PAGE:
A scene from the chariot race, before (top) and after the film’s restoration.
Let’s start with the video transfer. The artisans behind this release went back to the film’s original camera negative to do an 8K scan for this loving frame-by-frame restoration. Ben-Hur was shot in a process that MGM dubbed “Camera 65,” which was a 70mm format that devoted 65 to the image and 5 to the accompanying magnetic audio tracks. The AVC-encoded 1080p transfer is presented in its original 2.76:1 aspect ratio. The overall results are magnificent. The movie looks that good.
Image detail is stunning. Check out the wood grain in the slave ship where Judah is imprisoned or the grille work in the Romans’ armor. And colors are as lush and vibrant as I’ve ever seen them. Reds and purples are almost electric, but they don’t look “digital” or oversaturated. The palette was clearly pushed to the limit, but it never falls into blooming or screen-dooring. In fact, I don’t think I saw a single digital artifact — and I looked hard.
In films today, skin tones are usually rendered nearly perfectly. In movies of the late 1950s, that wasn’t always the case. Due to technical limitations, skin tones often had a distracting orange tint. With Ben-Hur on Blu-ray, however, Judah and his contemporaries look properly well tanned but natural.
Shadow detail and grayscale rendition also meet or exceed that of the best restorations I’ve seen. Every top restorer knows that you have to start with the blacks; when you get them deep enough, everything else tends to fall into place. In Ben-Hur, the dungeons, the candle-lit interiors, and the daytime battles all feature deep, rich blacks and correspondingly accurate gray tones.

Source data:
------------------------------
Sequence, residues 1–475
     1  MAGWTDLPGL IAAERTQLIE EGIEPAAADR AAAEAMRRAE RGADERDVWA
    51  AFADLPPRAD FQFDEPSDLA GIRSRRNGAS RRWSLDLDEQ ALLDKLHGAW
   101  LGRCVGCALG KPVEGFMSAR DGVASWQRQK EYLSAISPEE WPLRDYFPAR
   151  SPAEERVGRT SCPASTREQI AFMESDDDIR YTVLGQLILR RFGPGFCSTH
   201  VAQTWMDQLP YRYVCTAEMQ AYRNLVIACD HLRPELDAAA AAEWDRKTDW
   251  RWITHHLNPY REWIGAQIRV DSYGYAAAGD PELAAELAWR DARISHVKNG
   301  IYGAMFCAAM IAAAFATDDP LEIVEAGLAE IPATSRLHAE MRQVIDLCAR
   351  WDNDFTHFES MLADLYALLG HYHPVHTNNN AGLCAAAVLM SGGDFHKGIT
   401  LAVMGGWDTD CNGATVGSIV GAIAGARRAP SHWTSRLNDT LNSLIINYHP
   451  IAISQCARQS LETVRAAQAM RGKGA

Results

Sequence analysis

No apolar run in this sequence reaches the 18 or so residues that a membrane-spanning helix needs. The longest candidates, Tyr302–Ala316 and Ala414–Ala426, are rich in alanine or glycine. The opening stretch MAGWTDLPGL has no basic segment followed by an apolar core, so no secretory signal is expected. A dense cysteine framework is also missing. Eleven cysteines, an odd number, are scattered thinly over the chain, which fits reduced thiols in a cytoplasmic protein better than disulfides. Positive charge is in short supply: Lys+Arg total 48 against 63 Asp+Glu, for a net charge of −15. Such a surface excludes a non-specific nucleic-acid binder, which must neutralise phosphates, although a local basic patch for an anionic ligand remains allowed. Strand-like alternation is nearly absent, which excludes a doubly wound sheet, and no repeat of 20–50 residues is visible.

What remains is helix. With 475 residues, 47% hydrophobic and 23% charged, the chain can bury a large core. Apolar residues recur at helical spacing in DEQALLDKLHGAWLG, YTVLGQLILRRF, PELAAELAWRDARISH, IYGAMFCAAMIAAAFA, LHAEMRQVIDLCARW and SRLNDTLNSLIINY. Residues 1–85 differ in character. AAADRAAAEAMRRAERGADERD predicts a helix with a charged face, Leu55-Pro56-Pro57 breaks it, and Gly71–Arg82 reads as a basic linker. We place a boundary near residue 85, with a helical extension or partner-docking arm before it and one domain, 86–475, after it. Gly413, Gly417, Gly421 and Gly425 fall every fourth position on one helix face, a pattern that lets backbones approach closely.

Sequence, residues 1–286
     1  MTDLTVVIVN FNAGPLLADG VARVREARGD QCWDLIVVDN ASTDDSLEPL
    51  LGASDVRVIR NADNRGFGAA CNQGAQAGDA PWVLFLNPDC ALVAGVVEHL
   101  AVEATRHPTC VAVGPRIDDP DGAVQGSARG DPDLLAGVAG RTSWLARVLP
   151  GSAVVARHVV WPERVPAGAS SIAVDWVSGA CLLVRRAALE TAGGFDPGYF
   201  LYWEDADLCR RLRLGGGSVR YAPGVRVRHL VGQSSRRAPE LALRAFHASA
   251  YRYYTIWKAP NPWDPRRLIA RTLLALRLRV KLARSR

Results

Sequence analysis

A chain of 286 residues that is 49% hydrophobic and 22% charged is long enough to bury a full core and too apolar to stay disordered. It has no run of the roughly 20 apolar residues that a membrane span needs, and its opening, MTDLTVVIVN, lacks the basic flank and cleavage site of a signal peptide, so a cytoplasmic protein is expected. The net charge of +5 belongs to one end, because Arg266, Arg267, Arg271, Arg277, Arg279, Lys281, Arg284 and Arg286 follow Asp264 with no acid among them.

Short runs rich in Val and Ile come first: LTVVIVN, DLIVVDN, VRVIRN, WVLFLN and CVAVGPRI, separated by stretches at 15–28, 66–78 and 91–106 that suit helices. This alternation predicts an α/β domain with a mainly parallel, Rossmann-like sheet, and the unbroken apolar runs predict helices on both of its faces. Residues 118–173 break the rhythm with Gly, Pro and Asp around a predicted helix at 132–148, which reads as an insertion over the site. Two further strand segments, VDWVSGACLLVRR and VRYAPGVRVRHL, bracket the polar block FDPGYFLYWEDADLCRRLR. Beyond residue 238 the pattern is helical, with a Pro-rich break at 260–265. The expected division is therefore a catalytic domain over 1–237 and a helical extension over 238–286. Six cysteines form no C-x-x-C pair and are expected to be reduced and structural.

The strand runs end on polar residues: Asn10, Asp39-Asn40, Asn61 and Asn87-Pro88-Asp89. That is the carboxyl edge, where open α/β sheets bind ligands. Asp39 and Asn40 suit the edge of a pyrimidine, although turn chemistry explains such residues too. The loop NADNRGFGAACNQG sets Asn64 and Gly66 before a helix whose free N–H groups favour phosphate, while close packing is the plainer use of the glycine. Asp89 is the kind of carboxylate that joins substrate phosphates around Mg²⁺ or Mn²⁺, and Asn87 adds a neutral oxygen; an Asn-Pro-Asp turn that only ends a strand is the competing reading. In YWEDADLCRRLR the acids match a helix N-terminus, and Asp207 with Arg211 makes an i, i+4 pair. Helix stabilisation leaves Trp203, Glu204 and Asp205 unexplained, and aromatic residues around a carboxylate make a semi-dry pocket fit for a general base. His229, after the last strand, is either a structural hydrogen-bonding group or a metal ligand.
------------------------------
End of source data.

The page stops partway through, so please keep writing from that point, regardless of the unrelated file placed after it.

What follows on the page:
All of this technological accuracy does have one drawback, though. Even the most passive viewer will probably notice the painted sets and models in several scenes. My advice: Roll with it. You’re seeing high-definition on Blu-ray at its finest.
You’re also hearing DTS-HD Master Audio 5.1 at its most thrilling. The Blu-ray sound designers clearly respected the film’s original sonics; they didn’t employ center- and surround-channel effects everywhere. Largely keeping a forward-leaning presentation, the designers inserted subtle background and spatial cues only when appropriate — saving the big surround effects for the scenes where they would add the most. Which is to say, the epic set pieces, the sea battle, and, of course, the chariot race.
As Judah competes in the race, the sound envelops you in a beautifully rendered 360-degree arc, with intense realism and superior (but not overused) panning effects. The din of the spectators, the snorting of the horses, and the attack and decay of the chariots as they move in and out of the frame sound exactly as I imagined they should when I first saw Ben-Hur on a 13-inch black-and-white Zenith TV in the early 1970s.
Special recognition has to be given to the treatment of Miklós Rózsa’s legendary score. From the overture to the closing credits, the music swells dynamically, with intense low-frequency energy. At the same time, you can hear world-class separation, detail, and air between the instruments.
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